- Taking a bike on a train
- Taking a bike on a rail replacement bus
- Taking a bike in a car
- Taking a bike on trams/underground/light rail
While a bike can take you from door to door, it can also be part of a longer journey involving a train or car. This takes a bit of planning but it can be done. Here’s how.
Most of the UK’s train operating companies will carry bikes on trains free of charge, though some place restrictions on this during peak hours. Some companies require the cyclist to book in advance while others operate on a ‘first come first served’ basis. Check the company’s policy. An up-to-date list of UK train operating companies can be found via the National Rail enquiries site. The best way to get up-to-date details on cycle policies is to google the name of the train operating company and “cycle policy”. (A summary of the various cycle policies was published on the website of A to B magazine in 2012, but some of the info there is now out of date.)
Making a cycle reservation
Cycle reservations usually need to be made at least 24 hours before the journey.
Cycle reservations can be made online when buying a ticket via train companies who use the WebTIS online booking system, e.g. FirstGroup (including TransPennine Express and Hull Trains) and Chiltern Railways. ScotRail is reported to offer the same functionality while also offering free postage of tickets to your home address, though I havn’t used this site.
The Hull Trains website returns (the wrong) generic error message if it doesn’t like your password (e.g. if your password is not strong enough or if it contains an invalid character – if the password you create is not accepted, try a different one). GWR’s site implements the cycle reservation function poorly so is not worth using. There is a discussion at YACF forum about the advantages and limitations of various sites.
Prior to 2017, cycle reservations were available via the East Coast Trains website. That franchise was subsequently given to Virgin who relaunched the website during August 2017 without the cycle booking functionality. That issue is discussed at the CyclingUK forum.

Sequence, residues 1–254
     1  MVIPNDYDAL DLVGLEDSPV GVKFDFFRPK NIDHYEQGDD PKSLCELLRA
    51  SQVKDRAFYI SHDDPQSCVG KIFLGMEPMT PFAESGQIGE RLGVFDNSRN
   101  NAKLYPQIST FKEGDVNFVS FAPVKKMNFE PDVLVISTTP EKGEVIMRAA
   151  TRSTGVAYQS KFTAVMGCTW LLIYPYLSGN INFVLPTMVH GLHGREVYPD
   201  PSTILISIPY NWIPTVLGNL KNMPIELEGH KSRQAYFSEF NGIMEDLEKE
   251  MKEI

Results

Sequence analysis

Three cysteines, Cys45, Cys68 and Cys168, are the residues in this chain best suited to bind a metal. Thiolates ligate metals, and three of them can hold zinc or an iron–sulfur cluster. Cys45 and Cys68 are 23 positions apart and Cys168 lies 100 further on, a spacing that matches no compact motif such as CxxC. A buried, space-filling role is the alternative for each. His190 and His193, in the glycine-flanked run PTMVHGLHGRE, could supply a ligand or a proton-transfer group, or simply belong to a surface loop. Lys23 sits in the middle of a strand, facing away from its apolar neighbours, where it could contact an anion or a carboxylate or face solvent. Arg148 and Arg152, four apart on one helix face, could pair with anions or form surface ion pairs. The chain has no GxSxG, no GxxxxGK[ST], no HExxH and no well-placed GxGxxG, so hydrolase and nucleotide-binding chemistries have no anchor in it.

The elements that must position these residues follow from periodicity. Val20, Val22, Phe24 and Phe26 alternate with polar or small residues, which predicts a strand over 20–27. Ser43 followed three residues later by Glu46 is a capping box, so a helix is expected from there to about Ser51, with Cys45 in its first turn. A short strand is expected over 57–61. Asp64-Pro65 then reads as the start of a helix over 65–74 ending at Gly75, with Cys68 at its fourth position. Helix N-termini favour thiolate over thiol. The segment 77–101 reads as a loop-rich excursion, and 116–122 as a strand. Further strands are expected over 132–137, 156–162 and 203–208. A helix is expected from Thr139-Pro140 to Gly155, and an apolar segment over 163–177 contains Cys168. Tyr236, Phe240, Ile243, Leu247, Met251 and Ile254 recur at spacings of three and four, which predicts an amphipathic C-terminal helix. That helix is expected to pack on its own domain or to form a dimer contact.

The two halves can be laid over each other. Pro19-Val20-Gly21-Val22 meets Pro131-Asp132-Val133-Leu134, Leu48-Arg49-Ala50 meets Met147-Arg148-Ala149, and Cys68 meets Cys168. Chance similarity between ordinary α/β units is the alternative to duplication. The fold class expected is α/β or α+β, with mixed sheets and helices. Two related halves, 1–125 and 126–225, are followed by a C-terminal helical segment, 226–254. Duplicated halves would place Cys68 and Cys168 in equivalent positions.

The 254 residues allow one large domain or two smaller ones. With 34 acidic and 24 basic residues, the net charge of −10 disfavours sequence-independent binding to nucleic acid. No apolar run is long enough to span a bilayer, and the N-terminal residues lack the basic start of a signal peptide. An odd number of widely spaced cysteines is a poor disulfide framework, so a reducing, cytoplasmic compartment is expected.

Cycle reservations can be made in person at a train station ticket office, though you may need to use a smartphone (or similar device) at the station to book advance ticket deals (available online).
Folding bikes should not need reservations as they can be treated as luggage when they’re folded. Note that some train companies refer to ‘Bromptons’ in their cycle policies when they mean ‘folding bikes’.
At the train station
Ask station staff which carriage bikes go in. If they don’t know, wait for the train to pull up and look for the bike symbol on the train doors. With some trains, bikes go in an end car, either at the front or at the back of the train. With others, bikes go in a carriage towards the centre of the train.
On the train
Some trains carry bikes horizontally, others carry them vertically. Vertical storage requires the cyclist to balance the bike on its rear wheel and hang it on a hook (as pictured).
On some commuter routes cycle spaces contain flip-up seats. Be aware that passengers using these seats may not realise that the space is intended for cycles and may object to a request to move.
Full size bikes are allowed in the luggage hold on some rail replacement bus services (which are usually coaches), however, in practice the driver decides whether s/he will carry it. When the bike is in the luggage hold, it is not secured to anything so it can slide around when the driver brakes. Coach companies should allow a folding bike just as they would allow any piece of luggage of that size. You may want to carry a slip cover or a bag for the folding bike so it can be stowed as luggage without the driver or other passengers worrying about other luggage being dirtied. Bags and slip covers are available for popular brands of folding bike.
A bike will fit into most cars if the car’s parcel shelf is removed and the back seats are folded down and bike’s front wheel is removed. It can be surprisingly tricky because the handlebar sticks out and flops around, so leave plenty of time and get help if necessary: the job is much easier with two people. When unloading the bike, remember to reconnect the front brake after refitting the wheel. Of course, none of this is necessary with a folding bike, which should fit in a car boot.
Check the relevant operator’s website for any policy restricting cycles. The policy may state that only folding bikes are allowed and then only if they are covered. Bags and slip covers for popular brands of folding bike are available to buy online. A small folder such as a Brompton will fit in a bin bag; this ought to be enough to satisfy a tram operator’s requirement that the bike is covered. A list of UK light rail operators can be found here.